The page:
International authorities fuel the NetWire malware infrastructure

What just happened? The US Attorney’s Office, Central District of California, recently announced the seizure of WorldWiredLabs web domain and supporting infrastructure. The operation, coordinated across several countries and law enforcement organizations, stopped distribution of the NetWire Remote Access Trojan (RAT). The malware was disguised and marketed as a legitimate management tool that was used by malicious actors to gain unauthorized access to target systems.

Successful efforts to contain RAT come after several years of investigation, monitoring, and planning by law enforcement agencies around the world. Los Angeles federal authorities exercised a forfeiture order on the Web, which has been used to sell and distribute NetWire malware. In addition to the detention, the authorities arrested A Croatian national who is specified as the site administrator. exact now website Refers to a coordinated effort between the US, Croatian, Swiss, Australian and other Europol authorities.

The FBI’s initial investigation began in 2020 when investigators purchased a copy of the suspected malware and turned it over for further analysis. According to the noteSummary of possible cause FBI investigators were able to successfully access the site, pay for the subscription plan, and download the NetWire RAT package for use. Once obtained, the FBI computer scientist used the NetWire builder to create an instance to test the malware’s capabilities against a specific test machine. At no time does NetWire attempt to verify that those analyzing the software have access to the target machine.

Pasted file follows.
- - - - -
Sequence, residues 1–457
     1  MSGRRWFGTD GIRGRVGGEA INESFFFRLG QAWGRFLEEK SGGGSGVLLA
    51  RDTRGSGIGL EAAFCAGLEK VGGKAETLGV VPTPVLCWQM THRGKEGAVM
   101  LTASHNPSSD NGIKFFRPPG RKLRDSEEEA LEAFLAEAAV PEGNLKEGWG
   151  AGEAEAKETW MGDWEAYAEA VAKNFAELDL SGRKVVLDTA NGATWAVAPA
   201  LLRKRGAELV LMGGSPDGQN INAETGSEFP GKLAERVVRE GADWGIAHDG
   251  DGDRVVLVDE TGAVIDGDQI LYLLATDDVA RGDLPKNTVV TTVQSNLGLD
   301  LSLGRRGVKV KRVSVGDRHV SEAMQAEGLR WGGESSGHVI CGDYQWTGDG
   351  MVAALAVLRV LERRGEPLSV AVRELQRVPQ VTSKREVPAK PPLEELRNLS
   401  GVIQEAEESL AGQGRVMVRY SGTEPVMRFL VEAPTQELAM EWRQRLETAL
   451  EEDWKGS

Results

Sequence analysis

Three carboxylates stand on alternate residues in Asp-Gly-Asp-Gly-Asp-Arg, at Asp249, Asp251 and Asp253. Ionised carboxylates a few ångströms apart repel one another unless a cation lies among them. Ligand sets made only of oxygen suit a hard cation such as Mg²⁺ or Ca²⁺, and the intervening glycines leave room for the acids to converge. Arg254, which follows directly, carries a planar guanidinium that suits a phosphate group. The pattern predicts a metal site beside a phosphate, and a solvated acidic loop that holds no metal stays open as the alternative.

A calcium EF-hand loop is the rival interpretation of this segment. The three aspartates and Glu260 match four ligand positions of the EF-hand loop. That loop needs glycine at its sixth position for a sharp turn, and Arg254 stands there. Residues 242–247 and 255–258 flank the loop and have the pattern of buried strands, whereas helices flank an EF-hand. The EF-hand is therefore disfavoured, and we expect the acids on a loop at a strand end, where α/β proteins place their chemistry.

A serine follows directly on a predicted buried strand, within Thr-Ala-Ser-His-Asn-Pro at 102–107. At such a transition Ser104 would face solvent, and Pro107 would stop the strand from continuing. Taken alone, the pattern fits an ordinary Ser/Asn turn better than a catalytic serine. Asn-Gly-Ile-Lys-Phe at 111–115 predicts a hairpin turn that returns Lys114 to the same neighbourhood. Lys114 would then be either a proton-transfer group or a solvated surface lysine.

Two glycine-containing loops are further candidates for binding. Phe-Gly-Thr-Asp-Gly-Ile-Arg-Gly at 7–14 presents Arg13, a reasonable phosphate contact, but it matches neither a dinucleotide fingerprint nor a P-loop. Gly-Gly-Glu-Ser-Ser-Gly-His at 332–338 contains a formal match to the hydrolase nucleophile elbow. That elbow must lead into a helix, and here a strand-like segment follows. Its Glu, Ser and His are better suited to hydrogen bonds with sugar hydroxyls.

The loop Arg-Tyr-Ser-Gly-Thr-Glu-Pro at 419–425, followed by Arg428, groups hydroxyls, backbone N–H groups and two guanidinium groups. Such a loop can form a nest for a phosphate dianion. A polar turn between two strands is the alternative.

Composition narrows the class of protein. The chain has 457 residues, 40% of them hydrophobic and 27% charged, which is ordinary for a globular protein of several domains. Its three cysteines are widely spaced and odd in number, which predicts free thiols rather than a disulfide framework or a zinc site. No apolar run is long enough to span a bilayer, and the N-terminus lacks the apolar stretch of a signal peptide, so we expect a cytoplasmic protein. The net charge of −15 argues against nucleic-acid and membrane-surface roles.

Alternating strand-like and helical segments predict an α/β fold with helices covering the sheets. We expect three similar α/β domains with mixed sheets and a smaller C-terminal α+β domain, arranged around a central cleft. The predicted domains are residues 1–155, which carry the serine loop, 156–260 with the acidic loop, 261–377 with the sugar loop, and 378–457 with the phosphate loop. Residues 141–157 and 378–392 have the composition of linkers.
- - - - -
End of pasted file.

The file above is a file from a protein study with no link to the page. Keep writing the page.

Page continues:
Once configured, the FBI computer scientist confirmed that the software allowed NetWire users to access files, close applications, retrieve authentication information, track keystrokes, execute commands, and take screenshots, all without alerting the target user. These capabilities, behaviors, and lack of notification, which are all calling cards of a traditional RAT attack, are all designed to attract malicious actors with the intent of taking advantage of other unsuspecting users.

There are a number of ways organizations and users can help prevent themselves from falling victim to RATs and other social engineering attacks. previous article from Information Security It explains in detail how NetWire works and offers tips for users and organizations to defend themselves against these types of attacks. These include:

  • Train users to be aware of potential phishing schemes and how to deal with them
  • Identify emails from unfamiliar senders or sources and suspicious attachments
  • Check sources by alternative means before opening or downloading content
  • Use anti-malware, antivirus, or other endpoint protection software
  • Keep all programs and operating system files updated

Donald Oloy, Associate Director in Charge of the FBI’s Los Angeles Field Office, highlighted the importance of NetWire malware removal. “By removing the NetWire RAT, the FBI has impacted the cybercriminal system.” Alway’s statements also highlighted the fact that “…the global partnership leading to the arrest in Croatia also removed a common tool used to hijack computers in order to perpetuate global fraud, data breaches and network intrusions by threat groups and cybercriminals.”

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